Ankhon Dekhi (Before My Eyes) is set in modern India but that information is rarely imparted and rather unnecessary for understanding the story. While you catch a brief glimpse of computers on the internet in a scene where Raje Bauji resigns from his job as a travel agent, and there is mention of Dr. Manmohan Singh as the Prime Minister of India, outside of that there are no cell phones seen and there are no glimpses of the modern, elite class in India. This story is strictly confined to a lower middle class social level, though it could apply to anyone in India, with its focus on a family coming apart at the seams because the patriarch, Bauji has had a mid-life crisis of sorts.
Latest Blog Posts
Theodore Twombly is a great name. Played by Joaquin Phoenix, Twombly is the physical center of Spike Jonze’s latest effort Her about a man who becomes entangled in a relationship with his operating system (OS), named Samantha (voiced by Scarlett Johansson). The movie takes place in a future version of Los Angeles (though visuals of Shanghai substitute for the city’s sprawl and skylines) where personal letters are ghostwritten by third parties, the job Twombly has been in for years and excels at. He serves as a reserved and lonely everyman, a stand in for anyone seeking love, and you’re drawn to like everything about him. Phoenix embodies the quirky role and we believe in everything about the character, from his laughter to his nervousness to his moustache.
Twombly has been separated from his wife Catherine (Rooney Mara) for about a year and we find she’s trying to finalize their divorce. Twombly became distant in their relationship, perhaps more absorbed in technology and the artificial connections he makes between the consumers of his letters. He can fondly recall a girl’s broken tooth in a letter between one couple because he’s been their emotional emissary for so long. He doesn’t show much desire to connect with the people around him daily, particularly the oddball receptionist played by Chris Pratt (who may just be the odd coworker you feel uncomfortable hanging around). Amy Adams plays his best friend Amy, and she represents a portion of Twombly’s past when he could connect with humans. Through her and her husband, Twombly gets set up on a date with one woman (Olivia Wilde) that starts off well but closes strangely as she attempts to arrange a follow-up date.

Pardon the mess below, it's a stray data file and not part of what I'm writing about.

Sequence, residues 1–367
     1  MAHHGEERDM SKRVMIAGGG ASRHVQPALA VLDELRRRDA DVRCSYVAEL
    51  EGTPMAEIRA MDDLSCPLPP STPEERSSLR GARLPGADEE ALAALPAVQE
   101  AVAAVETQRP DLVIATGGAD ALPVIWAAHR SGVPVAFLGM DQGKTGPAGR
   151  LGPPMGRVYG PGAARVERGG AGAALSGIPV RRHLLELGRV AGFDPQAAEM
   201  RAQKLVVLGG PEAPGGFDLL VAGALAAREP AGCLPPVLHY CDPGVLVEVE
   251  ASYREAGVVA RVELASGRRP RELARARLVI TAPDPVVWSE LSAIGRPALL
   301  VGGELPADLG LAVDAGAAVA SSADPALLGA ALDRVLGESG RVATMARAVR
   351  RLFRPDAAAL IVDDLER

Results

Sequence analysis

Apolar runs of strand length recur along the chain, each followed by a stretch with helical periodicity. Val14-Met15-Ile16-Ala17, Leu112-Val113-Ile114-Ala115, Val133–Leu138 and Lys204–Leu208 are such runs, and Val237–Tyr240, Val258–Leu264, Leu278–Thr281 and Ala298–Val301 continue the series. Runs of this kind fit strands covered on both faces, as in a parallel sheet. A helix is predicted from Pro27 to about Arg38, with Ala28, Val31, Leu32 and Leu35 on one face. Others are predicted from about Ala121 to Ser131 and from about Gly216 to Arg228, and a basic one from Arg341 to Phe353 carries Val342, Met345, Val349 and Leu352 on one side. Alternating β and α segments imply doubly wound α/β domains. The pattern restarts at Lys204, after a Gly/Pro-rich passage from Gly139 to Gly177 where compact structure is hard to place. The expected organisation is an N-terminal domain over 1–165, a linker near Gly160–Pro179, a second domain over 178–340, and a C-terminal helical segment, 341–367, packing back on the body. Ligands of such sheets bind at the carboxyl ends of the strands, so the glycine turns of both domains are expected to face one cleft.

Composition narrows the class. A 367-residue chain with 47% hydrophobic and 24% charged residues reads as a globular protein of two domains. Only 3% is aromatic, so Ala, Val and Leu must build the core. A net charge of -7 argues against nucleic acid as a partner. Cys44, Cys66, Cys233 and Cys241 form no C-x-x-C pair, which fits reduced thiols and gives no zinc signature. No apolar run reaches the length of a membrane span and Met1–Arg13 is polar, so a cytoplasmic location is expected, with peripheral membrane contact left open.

The Secret Life of Walter Mitty is directed by and stars Ben Stiller. So you can expect bits of comedy will be sprinkled into the movie, including a laugh-out-loud moment early on when he’s online dating and trying to contact a co-worker Cheryl (Kristen Wiig). But it isn’t a pure comedy, or even a purely romantic comedy, at least from my perspective. Its sort of an adventure-driven story of growth for the titular character that develops out of his attempts at online dating—at least in the intro, though there are some familial obligations given later as reasons he couldn’t adventure before. Apparently, in the beginning, Mitty’s profile isn’t complete, and when he calls up the website’s support services Todd (Patton Oswalt) informs him that he should fill out a prompt for ‘been there / done that’. Mitty realizing he hasn’t been there or done that inadvertently finds himself on an adventure chasing down a photo negative from famed Life-cover photographer Sean O’Connell (Sean Penn) as he’s trying to court Cheryl and to save his job at Life magazine which is about to transition into a digital online publication (in the film).
By this point it is apparent that Mitty lapses into flights of fancy, tuning out the real world as his mind attempts to release his intrepid spirit through adventurous or explosive scenes. The first such dream has a moment that echoes a jumping scene in the third Bourne movie, as the camera jumps with the actor through the window. But as the slide becomes his focus, Mitty’s reality becomes almost as implausible as his dreams. He attempts to trail O’Connell through Greenland, Iceland and the Himalayas and jumps out of a helicopter, recalls his skateboarding days and climbs mountains. The cinematography for these scenes is astounding as it displays these vistas proudly, encouraging a viewer’s own desire to explore the world.
One of the toasts of this year’s TIFF, just as it was of Telluride where it premiered a few weeks ago, Steve McQueen’s 12 Years a Slave has quickly established itself as a critic’s darling and, for those who care about such things, an early awards favourite. It’s easy to see why: the film, which might be described as Django Unchained’s graver, wiser sibling, is a powerfully acted, skilfully made prestige picture. It’s history with a very human face.
Canada, 2013—Dir. Bruce LaBruce
Lake (Pier-Gabriel Lajoie) the dreamy teen hero of Bruce LaBruce’s wonderful latest, Geronotophilia, has a thing for older guys. And by that I mean really older guys, such as those occupying the Corps a Coeur rest home where his mother is working. When Lake also lands a job at this facility it’s like he’s entered the erotic paradise of his dreams: he can’t stop peeping at gowns coming agape and revealing wrinkly male body parts. And his eyes widen with glee when he’s assigned to give a sponge bath to a resident, Melvin Peabody (Walter Boden), with whom he ends up falling in love.